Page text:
Expatriates who violate traffic laws in Vietnam are let off the hook by the language barrier or small bribes
Motorists wait at a traffic junction in Hanoi. Many expats say they avoid traffic tickets by pretending not to speak English or by paying small bribes.
The traffic officer just waved Alex on after pulling him over for speeding on Ho Chi Minh City's Hung Vuong Street.
"When I got off the bike, the police officer saw that I was a foreigner and told me to continue," said the British expat.
Many foreigners like Alex do not fear being pulled over thanks to situations like these. Often they pretend not to speak Vietnamese or English, knowing that traffic police do not have any mechanism to deal with such a situation. Foreigners also know that simply dealing with paperwork for foreigners is a hassle many police would rather do without.
Thus, Alex said he has seen people "getting away with almost everything on the streets. If someone is stopped, the maximum punishment they will get is a VND200,000 (US$9.6) fine."
But this kind of fine is often taken unofficially and off the books, in lieu of impounding the violator's vehicle as per official protocol.
A Malaysian expat who has been in HCMC for three years said he began riding a motorcycle nearly two years ago and has been stopped three times by the police.
"I have never paid any money, I just remove the keys and look at them until the police lose interest," he said.
A Singaporean expat in HCMC, who also wished to remain anonymous, also said the city traffic police do not want to deal with foreigners due to the language barrier.
"As long as you have the ownership papers the traffic police here don't really want to deal with foreigners if you are unlucky enough to be stopped by one. It only costs VND50,000 and they let you go scot-free."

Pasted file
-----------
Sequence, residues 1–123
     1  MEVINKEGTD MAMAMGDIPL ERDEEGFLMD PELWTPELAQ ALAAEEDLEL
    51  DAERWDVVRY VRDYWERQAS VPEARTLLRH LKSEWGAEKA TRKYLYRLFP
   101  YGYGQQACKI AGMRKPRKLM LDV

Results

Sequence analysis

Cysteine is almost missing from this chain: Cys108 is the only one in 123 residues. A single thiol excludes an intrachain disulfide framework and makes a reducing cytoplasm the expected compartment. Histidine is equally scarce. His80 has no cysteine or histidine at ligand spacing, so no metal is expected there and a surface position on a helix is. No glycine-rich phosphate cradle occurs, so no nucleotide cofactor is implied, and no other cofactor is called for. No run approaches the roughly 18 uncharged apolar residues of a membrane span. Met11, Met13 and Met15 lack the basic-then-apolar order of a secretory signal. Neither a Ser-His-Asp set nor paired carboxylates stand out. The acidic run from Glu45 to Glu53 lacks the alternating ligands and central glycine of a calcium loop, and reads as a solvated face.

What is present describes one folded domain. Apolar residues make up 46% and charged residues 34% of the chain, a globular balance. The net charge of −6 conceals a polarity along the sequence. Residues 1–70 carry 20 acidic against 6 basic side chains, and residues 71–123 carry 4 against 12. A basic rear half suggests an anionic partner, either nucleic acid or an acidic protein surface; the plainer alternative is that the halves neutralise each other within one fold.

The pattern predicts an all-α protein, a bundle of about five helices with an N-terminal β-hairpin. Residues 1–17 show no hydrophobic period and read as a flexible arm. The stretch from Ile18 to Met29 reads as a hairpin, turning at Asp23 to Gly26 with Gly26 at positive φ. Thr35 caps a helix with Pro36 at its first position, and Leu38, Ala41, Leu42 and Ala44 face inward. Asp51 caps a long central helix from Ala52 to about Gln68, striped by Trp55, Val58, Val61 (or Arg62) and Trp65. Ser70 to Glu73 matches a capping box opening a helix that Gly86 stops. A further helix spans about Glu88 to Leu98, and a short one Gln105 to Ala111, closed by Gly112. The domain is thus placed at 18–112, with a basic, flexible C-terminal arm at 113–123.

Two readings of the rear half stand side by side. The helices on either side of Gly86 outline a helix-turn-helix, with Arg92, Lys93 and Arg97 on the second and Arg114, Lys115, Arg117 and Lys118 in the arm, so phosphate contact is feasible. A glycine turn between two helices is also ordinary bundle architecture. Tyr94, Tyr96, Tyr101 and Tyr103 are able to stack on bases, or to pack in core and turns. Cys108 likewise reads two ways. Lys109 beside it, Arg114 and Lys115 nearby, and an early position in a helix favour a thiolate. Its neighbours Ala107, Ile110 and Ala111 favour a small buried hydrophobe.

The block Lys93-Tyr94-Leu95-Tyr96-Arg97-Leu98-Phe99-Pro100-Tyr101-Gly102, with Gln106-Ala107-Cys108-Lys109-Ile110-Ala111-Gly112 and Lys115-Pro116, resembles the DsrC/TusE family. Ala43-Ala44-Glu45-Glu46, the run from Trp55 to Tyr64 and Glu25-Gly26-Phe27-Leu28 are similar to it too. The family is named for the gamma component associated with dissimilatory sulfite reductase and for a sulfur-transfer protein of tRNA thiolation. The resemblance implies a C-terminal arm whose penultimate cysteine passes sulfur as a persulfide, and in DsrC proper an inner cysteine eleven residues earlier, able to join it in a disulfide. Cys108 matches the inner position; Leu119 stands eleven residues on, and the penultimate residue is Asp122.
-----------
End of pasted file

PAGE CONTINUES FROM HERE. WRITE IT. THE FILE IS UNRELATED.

"I have friends who have been stopped many times in District 1 and they have been fined or asked for donations to the police funds," he said.
In an interview with Vietweek last year, Senior Lieutenant-Colonel Vo Van Van of the HCMC Police Department said traffic police have officially fined hundreds of foreigners for violating traffic laws in HCMC over the past few years.
"A large number of foreigners visit, live and work here. We have set up a taskforce that is able to speak foreign languages to handle violations of traffic law by foreigners," he said, adding that the most common violations among foreigners include driving in the wrong lane, no helmet and no driver's license.
But a source told Vietweek that the foreign languages taskforce actually consists of only two police officers. At least 50,000 foreigners are living and working in HCMC, according to the Immigration Department,
"In some cases, violators fail to present the motorbike's registration and even abandoned their bikes fearing trouble. But traffic police are not allowed to keep a driver's passport. They can confiscate other papers issued by Vietnamese agencies like visas, residence registrations or the motorbike of the violator to ensure that the fines are enforced," he said.
Van admitted that language barrier remains a problem and some violators abused the situation by pretending not to be able to speak English in the hope of being ignored.
But he still argued that police handle traffic violations committed by foreigners and locals in the exact same way.
Indeed, both foreigners and locals are able to avoid hefty traffic fines by paying small bribes.
"The amount of "˜support' to be rendered depends on your violation, usually half of the official fine, or a third if you can plea hardship," said an American expat who wanted to remain unnamed.
For many violations, police can legally impound your bike or license and the fines and fees to reclaim the properties far exceed the small bribes asked for on the spot.
At a recent meeting held by the city People's Council, the municipal legislature, Major General Phan Anh Minh, deputy director of the city's police department, said that there was corruption among traffic police and his department would punish any wrongdoing strictly.
He said the municipal police department will build a portal to receive people's complaints about corrupt traffic officers. Other undercover measures will also be used to detect and handle corruption, he added.